What if feeding the world’s growing population could also improve the environment – and reverse the worrisome trend of U.S. farm losses.
That’s the idea behind regenerative agriculture, a new approach to farming that aims to produce a safe and abundant food supply, while improving soils and other natural resources, and increasing farmers’ livelihoods.
Today marks the release of a national proposal to revitalize American farming and advance regenerative agriculture from the Gund Institute for Environment’s Stephen Posner, Director of Policy of Outreach, to improve sustainable food systems, population health, innovation and economic resilience in the U.S agricultural sector.
In this Q&A, we spoke to Posner about the proposal, which results from a collaboration with Day One Accelerator, an initiative of the Federation of American Scientists and former White House policy experts.
Why focus on regenerative agriculture?
Sustainable agriculture is an enduring strength of UVM and Vermont, and a core Gund Institute research theme. Many faculty and student researchers across UVM are now working on innovations in regenerative agriculture. Heather Darby and Meredith Niles are developing big data and new agricultural technologies. Carol Adair is measuring greenhouse gas emissions from farmland. Ernesto Méndez is applying ecological principles to farming. Joshua Faulkner is testing the effectiveness of innovative programs to improve soil health and water quality. The Gund has partnered with Ben and Jerry’s on a new postdoctoral fellowship in regenerative agriculture. This policy proposal aims to harness this momentum and connect leading-edge research with real-world decision-makers.
What’s an example of regenerative agriculture?
Regenerative agriculture brings together science-based techniques from organic farming, agroecology, agroforestry and holistic land management. It can include everything from no/low-till farming, cover crops and crop rotation, well-managed grazing practices, compost, and attention to microorganisms as important components of soil health. Key benefits are that regenerative agriculture produces food and fiber while building soil health, improving water quality, and regenerating natural resources. This is in contrast to widespread industrial agriculture techniques - such as mono-crops, severe tilling, and over-dependence on chemical fertilizers and pesticides - which lead to poor soil health and even loss of soil’s natural ability to store water.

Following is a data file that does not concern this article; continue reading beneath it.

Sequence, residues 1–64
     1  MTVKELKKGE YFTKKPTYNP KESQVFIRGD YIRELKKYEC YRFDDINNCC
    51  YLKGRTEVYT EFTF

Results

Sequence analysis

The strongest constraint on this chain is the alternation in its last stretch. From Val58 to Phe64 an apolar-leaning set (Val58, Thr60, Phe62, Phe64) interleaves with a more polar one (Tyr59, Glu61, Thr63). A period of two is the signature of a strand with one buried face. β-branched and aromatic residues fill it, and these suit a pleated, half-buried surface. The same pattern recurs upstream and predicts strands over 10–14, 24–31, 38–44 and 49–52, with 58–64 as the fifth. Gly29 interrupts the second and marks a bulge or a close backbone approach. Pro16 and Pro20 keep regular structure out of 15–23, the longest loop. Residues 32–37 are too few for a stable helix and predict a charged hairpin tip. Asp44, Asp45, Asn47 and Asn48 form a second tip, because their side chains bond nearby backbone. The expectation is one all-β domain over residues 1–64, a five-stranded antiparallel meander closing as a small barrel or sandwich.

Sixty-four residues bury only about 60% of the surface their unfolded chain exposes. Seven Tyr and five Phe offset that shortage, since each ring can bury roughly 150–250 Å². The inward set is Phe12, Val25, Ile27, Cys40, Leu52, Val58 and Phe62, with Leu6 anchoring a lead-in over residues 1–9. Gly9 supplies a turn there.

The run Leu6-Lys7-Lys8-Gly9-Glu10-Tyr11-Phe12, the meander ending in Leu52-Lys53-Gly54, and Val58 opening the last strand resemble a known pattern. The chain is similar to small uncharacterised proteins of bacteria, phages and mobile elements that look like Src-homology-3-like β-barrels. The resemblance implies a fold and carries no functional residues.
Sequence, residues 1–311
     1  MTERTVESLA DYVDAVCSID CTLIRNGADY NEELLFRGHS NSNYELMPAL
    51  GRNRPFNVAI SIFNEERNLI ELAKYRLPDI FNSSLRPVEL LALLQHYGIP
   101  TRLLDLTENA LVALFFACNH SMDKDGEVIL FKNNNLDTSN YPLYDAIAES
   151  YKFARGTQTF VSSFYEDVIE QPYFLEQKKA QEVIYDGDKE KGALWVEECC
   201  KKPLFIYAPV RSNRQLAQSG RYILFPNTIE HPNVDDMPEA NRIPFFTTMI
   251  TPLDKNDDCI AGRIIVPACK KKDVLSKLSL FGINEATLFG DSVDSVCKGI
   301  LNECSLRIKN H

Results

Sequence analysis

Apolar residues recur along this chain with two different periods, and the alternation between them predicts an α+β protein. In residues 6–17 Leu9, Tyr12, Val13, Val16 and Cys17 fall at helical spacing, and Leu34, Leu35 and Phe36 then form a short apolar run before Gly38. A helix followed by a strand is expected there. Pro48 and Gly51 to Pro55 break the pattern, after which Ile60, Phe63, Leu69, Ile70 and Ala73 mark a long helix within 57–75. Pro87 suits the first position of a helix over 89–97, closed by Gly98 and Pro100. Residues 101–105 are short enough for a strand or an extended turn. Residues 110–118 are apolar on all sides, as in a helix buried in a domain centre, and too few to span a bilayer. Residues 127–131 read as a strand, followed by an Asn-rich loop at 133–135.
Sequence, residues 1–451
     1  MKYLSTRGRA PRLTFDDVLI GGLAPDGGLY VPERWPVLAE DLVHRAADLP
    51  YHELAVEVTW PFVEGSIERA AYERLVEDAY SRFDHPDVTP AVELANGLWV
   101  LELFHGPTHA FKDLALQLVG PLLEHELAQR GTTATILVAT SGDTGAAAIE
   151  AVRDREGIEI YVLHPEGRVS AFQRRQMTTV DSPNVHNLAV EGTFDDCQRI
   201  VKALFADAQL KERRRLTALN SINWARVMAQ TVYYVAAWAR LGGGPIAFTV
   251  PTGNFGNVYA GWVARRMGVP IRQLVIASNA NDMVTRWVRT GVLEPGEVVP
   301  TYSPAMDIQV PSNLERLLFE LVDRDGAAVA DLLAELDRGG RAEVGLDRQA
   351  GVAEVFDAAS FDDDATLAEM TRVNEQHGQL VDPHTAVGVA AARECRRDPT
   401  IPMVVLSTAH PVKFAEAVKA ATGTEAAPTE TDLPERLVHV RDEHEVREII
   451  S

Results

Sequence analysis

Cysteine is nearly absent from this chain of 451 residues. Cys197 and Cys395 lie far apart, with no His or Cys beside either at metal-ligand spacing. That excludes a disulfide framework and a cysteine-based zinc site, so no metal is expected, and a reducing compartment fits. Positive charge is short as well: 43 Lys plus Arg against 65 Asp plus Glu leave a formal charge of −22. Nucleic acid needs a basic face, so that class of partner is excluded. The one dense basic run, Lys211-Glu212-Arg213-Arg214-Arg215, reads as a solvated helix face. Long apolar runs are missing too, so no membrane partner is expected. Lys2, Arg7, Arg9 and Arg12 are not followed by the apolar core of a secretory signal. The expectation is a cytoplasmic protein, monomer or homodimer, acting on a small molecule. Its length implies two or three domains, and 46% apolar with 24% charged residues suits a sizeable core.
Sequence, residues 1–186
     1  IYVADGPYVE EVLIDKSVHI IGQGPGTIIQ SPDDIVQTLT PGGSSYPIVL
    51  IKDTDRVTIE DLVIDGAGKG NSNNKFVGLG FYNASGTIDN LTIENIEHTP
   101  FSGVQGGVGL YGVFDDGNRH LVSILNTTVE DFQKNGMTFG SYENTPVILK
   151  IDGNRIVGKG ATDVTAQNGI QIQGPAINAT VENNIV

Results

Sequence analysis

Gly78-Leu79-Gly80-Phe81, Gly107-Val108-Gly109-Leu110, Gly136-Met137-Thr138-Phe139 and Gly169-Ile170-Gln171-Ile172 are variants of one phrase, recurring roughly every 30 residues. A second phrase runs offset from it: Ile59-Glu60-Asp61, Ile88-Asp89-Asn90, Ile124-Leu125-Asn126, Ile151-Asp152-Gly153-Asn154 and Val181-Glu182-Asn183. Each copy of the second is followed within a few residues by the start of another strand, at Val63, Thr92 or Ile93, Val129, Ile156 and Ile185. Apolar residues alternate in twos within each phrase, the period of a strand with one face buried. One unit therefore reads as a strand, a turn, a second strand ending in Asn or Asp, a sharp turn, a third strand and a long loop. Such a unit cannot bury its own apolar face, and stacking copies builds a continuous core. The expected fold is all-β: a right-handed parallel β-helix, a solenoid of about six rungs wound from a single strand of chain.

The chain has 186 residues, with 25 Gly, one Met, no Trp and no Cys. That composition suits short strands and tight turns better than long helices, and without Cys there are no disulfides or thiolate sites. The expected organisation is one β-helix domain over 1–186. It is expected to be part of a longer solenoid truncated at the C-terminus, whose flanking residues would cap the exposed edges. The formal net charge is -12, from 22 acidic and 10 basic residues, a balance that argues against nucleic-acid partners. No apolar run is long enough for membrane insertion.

What’s the case for regenerative agriculture?
The environmental case for regenerative agriculture is clear. Farming can improve soil health, capture and store soil-based carbon, and contribute to healthy watersheds and working landscapes. But there’s also a strong economic case. Regenerative agriculture can create new income streams for farmers, and provide investments in rural economies while driving broader recognition of the key roles farmers and ranchers have in providing not only food, but also clean air and clean water. Supporting farmers to fulfill their critical role as land stewards especially resonates with a large number of young farmers who face an uncertain future for American agriculture.
How would regenerative agriculture address the challenges facing U.S. agriculture?
Farmers face many challenges today, including unpredictable prices, the impacts of trade and dependence on import/export markets, and rainfall that doesn’t come when or in the amounts we’d always like. The ag sector is also navigating a generational transition in the ownership of farms that has lasting impact – as many farms change hands, we see a trend toward fewer, larger farms. Meanwhile, the federal government spends billions each year to maintain a difficult status quo when it could be investing in innovation and a more promising future for farming. For example, what if the $23 billion in federal farm subsidies last year went to launching a competitive opportunity for states to propose regenerative approaches to farming? What if it supported farmers to produce food and minimize their environmental footprint?
What are the recommendations of your policy proposal?
The big ambitious proposal is to rebuild the country’s natural capital so that, on the whole, farmers earn as much from regenerating soil and natural resources as they earn growing food and fiber. I make three recommendations for strategic actions to advance regenerative agriculture. First, the White House could create a Regenerative Agriculture Advisory Task Force with specific goals to signal this as a policy priority and connect and empower agencies. Second, the federal government could mobilize investments to drive widespread adoption of innovative market mechanisms, technology, and regenerative farming practices. Third, USDA could feature regenerative agriculture as a major research theme while advancing their new Agriculture Innovation Agenda. This proposal spells out who can do what, outlines the opportunity for federal leadership, and addresses key questions that a policymaker would need to understand to embrace this proposal.
What happens next?
Now the real work begins. This strategy was created with scientific and policy experts at UVM and beyond. I am now connecting with researchers and government and NGO policy leaders to refine these ideas, and drive real-world change. True to UVM’s Land Grant mission, the ultimate goal is for our research to advance sustainable food systems, health, and livelihoods for the millions of people working in the agriculture sector.